•          Polish monetary policy council member Litwiniuk spoke about Orwellian circumstances at the National Bank of Poland. He said that he’s not allowed to meet central bank staff unless with prior approval from NBP governor Glapinski. He only has restricted access to the headquarters of the central bank once a week. His criticism follows newcomer on the MPC Tyrowicz who said after last week’s meeting that the central bank isn’t doing all that is necessary to prevent high inflation from lasting longer. Both members were picked by the opposition-controlled upper house of parliament. EUR/PLN trades near recent highs just below 4.90. This year’s (all-time) low point for the zloty is EUR/PLN 5. The currency suffers from the NBP-stance (talking about a likely peak in policy rates) and the overall risk-off market climate.

•          The UK economic think tank IFS (Institute for Fiscal Studies) warned that it would require a fiscal tightening of £62bn in 2026-27 to stabilize debt as a fraction of national income. So even, reversing all of the permanent tax cuts in Chancellor Kwarteng’s mini-Budget would not be enough. Kwarteng yesterday announced that he will pull forward his long term fiscal outlook to October 31 from November 23, enabling the Bank of England to take them into account when setting policy on November 3.


The ECB ended net asset purchases and lifted rates by a combined 125 bps at the July and September meetings. More tightening is underway but the ECB refrained from guiding markets on the size of future hikes. The correction end of September soon found support at the June high. Germany’s 10-yr yield is retesting the highest levels since 2011 (2.35%) with real rates driving the push higher.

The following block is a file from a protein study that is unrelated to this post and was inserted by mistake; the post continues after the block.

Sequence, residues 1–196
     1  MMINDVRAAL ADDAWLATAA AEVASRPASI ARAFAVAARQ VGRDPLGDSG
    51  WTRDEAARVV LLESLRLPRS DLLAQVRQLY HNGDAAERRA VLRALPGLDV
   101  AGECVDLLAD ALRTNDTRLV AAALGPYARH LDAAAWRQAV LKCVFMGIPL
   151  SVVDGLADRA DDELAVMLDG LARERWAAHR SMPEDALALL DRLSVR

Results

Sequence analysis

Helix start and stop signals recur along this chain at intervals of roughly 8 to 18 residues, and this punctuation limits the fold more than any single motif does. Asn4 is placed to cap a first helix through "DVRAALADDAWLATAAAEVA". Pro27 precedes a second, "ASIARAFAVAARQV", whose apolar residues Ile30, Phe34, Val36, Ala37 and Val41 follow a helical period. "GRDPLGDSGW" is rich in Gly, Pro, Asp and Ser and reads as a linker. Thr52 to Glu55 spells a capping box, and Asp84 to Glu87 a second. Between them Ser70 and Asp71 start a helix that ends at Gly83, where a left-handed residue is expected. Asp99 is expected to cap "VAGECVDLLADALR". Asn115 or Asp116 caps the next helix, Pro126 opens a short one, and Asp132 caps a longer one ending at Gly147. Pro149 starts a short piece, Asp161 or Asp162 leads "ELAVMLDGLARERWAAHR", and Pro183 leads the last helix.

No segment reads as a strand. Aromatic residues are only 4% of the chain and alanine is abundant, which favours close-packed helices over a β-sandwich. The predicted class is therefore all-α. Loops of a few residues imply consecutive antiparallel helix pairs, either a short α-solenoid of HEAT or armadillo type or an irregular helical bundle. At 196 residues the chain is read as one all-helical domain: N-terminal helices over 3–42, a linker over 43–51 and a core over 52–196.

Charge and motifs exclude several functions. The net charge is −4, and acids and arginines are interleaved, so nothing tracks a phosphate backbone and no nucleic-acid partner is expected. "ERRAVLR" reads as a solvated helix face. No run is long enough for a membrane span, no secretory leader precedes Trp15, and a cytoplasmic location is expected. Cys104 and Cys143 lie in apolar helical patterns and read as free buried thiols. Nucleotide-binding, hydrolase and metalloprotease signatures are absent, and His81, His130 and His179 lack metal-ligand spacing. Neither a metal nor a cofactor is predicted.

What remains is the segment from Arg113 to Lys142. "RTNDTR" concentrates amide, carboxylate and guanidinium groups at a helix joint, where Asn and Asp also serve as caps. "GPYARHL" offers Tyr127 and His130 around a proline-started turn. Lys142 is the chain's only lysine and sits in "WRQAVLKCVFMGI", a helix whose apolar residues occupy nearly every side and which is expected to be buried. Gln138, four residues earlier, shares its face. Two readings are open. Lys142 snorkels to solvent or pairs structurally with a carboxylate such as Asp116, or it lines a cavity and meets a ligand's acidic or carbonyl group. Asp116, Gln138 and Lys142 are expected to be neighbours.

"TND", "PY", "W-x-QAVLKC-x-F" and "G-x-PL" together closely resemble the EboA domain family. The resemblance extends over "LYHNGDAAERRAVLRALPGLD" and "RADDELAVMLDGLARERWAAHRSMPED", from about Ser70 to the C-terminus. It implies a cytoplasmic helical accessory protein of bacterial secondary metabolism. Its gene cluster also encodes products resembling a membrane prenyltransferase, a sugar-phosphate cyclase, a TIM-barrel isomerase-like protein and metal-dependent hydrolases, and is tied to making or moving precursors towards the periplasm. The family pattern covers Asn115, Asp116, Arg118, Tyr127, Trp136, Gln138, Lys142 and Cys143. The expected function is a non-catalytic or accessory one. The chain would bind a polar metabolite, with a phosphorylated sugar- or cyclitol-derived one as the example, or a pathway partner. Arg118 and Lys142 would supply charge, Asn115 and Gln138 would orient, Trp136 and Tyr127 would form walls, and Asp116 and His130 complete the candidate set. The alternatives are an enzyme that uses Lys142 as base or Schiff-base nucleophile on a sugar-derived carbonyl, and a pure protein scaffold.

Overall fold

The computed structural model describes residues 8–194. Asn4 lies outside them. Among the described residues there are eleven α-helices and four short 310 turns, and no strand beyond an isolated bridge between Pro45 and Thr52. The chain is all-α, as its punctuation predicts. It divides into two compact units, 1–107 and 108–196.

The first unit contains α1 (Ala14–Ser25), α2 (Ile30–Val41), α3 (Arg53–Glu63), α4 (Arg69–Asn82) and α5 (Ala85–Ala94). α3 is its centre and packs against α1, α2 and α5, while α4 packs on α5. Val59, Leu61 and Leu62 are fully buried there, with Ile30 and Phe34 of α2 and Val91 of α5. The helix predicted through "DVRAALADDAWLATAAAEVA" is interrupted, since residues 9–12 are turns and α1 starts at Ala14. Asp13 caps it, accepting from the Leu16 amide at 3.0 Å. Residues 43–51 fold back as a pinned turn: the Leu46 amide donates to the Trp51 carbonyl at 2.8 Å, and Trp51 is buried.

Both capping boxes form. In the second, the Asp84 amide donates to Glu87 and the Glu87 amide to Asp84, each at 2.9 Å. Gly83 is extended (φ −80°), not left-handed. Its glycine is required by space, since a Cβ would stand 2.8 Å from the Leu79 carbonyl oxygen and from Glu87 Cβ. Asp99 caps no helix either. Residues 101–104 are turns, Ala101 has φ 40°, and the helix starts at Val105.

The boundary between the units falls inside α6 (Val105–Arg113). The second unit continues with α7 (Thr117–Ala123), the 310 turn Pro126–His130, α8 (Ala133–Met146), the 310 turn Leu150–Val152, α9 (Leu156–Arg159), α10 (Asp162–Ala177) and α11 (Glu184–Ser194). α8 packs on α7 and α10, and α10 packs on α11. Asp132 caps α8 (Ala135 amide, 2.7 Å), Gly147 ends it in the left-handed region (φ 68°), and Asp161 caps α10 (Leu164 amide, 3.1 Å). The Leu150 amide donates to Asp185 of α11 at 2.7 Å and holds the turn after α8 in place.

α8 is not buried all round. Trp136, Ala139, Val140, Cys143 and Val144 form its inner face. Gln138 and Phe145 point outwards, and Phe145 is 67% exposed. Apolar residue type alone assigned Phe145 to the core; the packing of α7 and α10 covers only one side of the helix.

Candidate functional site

The Fed policy rate entered restrictive territory, but the central bank’s job isn’t done yet. The policy rate is expected to peak above 4.5% early next year and remain above a neutral 2.5% over the policy horizon. QT hits max speed. The 10y reached its highest level since 2008 (4.01%) and this level after a brief correction is again under test.

EUR/USD is in a strong downward trend channel since February. The dollar remains the main beneficiary of rising US (real) yields in a persistent risk-off context. Geopolitical and recessionary risks are bigger for Europe, holding down the single currency as well even as the ECB finally embraced on a tightening cycle. Resistance stands at EUR/USD 0.9950/1.0050. The YTD low stands at 0.95.36

The UK government had to backtrack on part of its lavish fiscal spending plans which sent sterling initially tumbling towards the EUR/GBP 0.90+ area. Yawning twin deficits and rising risk premia will continue to weigh on the UK currency even as markets think that the BoE will have to counter fiscal support with additional monetary tightening.

Calendar & Table

Note: All times and dates are CET. More reports are available at KBCEconomics.be which you may sign up to.

This document has been prepared by the KBC Economics Markets desk and has not been produced by the Research department. The desk consists of Mathias Van der Jeugt, Peter Wuyts and Mathias Janssens, analists at KBC Bank N.V., which is regulated by the Financial Services and Markets Authority (FSMA). Read the full disclaimer.